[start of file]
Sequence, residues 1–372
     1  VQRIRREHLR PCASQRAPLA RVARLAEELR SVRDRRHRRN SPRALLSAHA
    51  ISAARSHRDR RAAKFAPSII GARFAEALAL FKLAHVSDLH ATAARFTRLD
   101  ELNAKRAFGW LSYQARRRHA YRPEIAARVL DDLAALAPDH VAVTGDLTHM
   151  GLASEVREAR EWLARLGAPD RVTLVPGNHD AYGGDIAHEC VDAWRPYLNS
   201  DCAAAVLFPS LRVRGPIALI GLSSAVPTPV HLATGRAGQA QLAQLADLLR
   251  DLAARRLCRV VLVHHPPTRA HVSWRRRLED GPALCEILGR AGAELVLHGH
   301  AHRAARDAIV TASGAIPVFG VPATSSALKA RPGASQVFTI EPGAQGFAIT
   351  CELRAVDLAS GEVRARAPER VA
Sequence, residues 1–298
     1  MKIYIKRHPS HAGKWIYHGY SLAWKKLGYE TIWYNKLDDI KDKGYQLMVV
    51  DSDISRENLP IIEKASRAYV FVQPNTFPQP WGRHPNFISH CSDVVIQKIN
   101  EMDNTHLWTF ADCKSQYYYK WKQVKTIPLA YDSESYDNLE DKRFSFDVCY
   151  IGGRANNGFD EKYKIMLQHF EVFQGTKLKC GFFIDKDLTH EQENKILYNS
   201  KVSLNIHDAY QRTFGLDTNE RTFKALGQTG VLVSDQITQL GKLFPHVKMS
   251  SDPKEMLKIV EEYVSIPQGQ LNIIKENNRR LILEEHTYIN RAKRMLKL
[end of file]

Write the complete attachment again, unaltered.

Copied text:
Sequence, residues 1–372
     1  VQRIRREHLR PCASQRAPLA RVARLAEELR SVRDRRHRRN SPRALLSAHA
    51  ISAARSHRDR RAAKFAPSII GARFAEALAL FKLAHVSDLH ATAARFTRLD
   101  ELNAKRAFGW LSYQARRRHA YRPEIAARVL DDLAALAPDH VAVTGDLTHM
   151  GLASEVREAR EWLARLGAPD RVTLVPGNHD AYGGDIAHEC VDAWRPYLNS
   201  DCAAAVLFPS LRVRGPIALI GLSSAVPTPV HLATGRAGQA QLAQLADLLR
   251  DLAARRLCRV VLVHHPPTRA HVSWRRRLED GPALCEILGR AGAELVLHGH
   301  AHRAARDAIV TASGAIPVFG VPATSSALKA RPGASQVFTI EPGAQGFAIT
   351  CELRAVDLAS GEVRARAPER VA
Sequence, residues 1–298
     1  MKIYIKRHPS HAGKWIYHGY SLAWKKLGYE TIWYNKLDDI KDKGYQLMVV
    51  DSDISRENLP IIEKASRAYV FVQPNTFPQP WGRHPNFISH CSDVVIQKIN
   101  EMDNTHLWTF ADCKSQYYYK WKQVKTIPLA YDSESYDNLE DKRFSFDVCY
   151  IGGRANNGFD EKYKIMLQHF EVFQGTKLKC GFFIDKDLTH EQENKILYNS
   201  KVSLNIHDAY QRTFGLDTNE RTFKALGQTG VLVSDQITQL GKLFPHVKMS
   251  SDPKEMLKIV EEYVSIPQGQ LNIIKENNRR LILEEHTYIN RAKRMLKL